[kwlug-disc] Quoting to give context [was: the command line vs. gui]
bjonkman at sobac.com
Sun Apr 10 02:54:36 EDT 2011
Hi: When sending a link to the list, can you quote the relevant point
of the story? I read my e-mail in a mail user agent, not a Web browser,
so getting just a link doesn't provide any useful information. Then when
a detailed response is provided it makes no sense at all out-of-context.
Just as an aside, without quoting at least some portion of the story,
On 2011-04-10 at 02:50:54 unsolicited wrote:
> John Johnson wrote, On 04/07/2011 9:45 PM:
> What a crock.
> I don't disbelieve the story. I've BEEN there. I've done this change,
> with both types of systems.
> The premise assumes zero benefit to the other 362 days of a year. And
> all 365 for each year you don't have to do this.
> There are TOO many areas. We all have to get way more done, in a wider
> variety of areas, than we have time for. You cannot do a deep dive
> into everything.
> Let alone that it's too simplistic. Every such change presents an
> opportunity to update, to revamp, to remove some crud. Inevitably
> taken advantage of. Way more than a simple sed script gets used. And a
> lot of that is planning, careful transition, and testing. Oh, and, of
> course, nothing can go down in the interim.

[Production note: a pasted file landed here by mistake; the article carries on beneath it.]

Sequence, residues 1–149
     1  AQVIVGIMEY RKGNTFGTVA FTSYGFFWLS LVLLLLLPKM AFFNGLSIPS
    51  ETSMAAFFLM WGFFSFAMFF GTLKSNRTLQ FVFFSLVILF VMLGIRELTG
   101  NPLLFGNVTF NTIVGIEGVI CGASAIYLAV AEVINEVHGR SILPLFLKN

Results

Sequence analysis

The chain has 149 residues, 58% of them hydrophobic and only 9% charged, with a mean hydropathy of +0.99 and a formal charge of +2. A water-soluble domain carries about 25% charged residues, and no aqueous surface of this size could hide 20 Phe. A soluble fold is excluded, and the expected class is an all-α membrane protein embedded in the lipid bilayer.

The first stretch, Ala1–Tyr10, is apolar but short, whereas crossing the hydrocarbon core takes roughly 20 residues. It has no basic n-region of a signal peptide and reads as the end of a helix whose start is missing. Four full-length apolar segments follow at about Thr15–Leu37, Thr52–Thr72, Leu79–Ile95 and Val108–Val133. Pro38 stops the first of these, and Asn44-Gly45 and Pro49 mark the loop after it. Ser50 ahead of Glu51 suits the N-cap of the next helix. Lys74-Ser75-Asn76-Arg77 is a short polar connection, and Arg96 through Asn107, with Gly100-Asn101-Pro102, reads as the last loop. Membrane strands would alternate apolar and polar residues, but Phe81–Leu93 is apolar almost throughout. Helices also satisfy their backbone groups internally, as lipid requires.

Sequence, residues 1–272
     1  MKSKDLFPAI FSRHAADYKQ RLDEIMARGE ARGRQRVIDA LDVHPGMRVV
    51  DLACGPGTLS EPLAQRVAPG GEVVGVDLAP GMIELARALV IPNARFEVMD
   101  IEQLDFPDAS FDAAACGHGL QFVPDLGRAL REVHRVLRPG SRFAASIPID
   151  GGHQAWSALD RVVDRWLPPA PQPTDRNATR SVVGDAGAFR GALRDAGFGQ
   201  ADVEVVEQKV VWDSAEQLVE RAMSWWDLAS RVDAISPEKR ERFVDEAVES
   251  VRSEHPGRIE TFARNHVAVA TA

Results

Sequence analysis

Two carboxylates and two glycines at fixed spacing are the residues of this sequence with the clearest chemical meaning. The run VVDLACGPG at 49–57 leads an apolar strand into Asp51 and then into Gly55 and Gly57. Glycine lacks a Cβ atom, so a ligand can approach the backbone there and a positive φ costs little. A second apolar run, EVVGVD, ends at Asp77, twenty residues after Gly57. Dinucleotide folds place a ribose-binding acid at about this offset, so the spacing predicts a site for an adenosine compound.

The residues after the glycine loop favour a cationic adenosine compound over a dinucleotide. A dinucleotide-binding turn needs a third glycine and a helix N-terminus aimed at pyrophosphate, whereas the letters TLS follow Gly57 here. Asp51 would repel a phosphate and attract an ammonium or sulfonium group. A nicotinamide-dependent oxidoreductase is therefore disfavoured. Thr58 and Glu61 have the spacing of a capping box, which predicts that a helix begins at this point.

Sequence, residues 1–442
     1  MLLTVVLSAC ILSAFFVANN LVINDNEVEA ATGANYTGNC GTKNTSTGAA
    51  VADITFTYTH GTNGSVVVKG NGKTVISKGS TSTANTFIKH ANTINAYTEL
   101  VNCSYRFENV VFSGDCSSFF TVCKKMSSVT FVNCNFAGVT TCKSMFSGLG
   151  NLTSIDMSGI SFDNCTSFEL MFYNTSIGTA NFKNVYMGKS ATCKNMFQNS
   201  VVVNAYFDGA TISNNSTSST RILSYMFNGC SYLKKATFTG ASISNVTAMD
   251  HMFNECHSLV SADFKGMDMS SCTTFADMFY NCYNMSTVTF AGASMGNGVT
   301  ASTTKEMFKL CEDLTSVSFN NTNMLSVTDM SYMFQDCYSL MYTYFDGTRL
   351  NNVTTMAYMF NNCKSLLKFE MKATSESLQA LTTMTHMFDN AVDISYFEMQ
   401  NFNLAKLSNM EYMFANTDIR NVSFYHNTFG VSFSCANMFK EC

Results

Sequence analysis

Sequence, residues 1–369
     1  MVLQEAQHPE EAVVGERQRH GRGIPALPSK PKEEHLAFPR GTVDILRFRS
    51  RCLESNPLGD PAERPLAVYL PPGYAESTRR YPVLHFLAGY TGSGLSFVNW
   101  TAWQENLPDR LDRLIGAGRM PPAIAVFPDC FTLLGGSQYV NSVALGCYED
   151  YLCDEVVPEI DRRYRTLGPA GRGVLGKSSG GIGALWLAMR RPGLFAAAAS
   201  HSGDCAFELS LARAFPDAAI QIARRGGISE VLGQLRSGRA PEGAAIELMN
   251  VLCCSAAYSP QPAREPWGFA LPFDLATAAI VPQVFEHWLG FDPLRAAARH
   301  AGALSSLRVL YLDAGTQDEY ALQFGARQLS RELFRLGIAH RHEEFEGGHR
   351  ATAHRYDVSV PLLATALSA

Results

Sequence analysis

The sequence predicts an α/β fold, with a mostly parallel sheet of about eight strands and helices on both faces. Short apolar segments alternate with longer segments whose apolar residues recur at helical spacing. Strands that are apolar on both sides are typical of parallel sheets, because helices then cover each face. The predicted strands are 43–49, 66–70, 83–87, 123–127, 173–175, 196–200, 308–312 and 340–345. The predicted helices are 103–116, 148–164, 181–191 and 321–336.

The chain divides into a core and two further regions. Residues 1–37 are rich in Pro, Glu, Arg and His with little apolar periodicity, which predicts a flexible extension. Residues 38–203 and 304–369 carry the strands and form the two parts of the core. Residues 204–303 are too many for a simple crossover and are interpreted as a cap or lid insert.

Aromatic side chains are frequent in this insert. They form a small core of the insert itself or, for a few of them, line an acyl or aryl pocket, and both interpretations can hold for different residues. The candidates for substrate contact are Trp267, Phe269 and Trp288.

> Some years ago, it seems, an astonishing paradigm change happened in
> windows - everything went command line. I'm not saying it went well.
> Far more can be scripted now than ever before.
> Systems are evolving - more and more often there is both a GUI and a
> command line.
> You may not stick with the GUI long, depending upon how intensively
> and over what period of time you have to work with a particular thing.
> But, in the beginning, a gui gives you a forest view instead of a
> tree, letting you more quickly and graphically sink into an ecosystem.
> (webmin is probably a good example of this.) For the fine tuning, sure
> you quickly migrate to the command line - if, the current priority
> demands more in depth work, and time permits. By if you're drive by
> problem solving, on the way to what you're really trying to get done,
> probably due to a hiccup that's impacting you, most will head to the
> gui first. If you're already comprehensively familiar with all the
> intervening pieces, that's not true, you don't head for the gui first.
> But how did you get to the point of being so comprehensively familiar.
> I don't dispute that a command line should always be available - but
> long live KDE.
> Such stories are a discredit to the IT industry.
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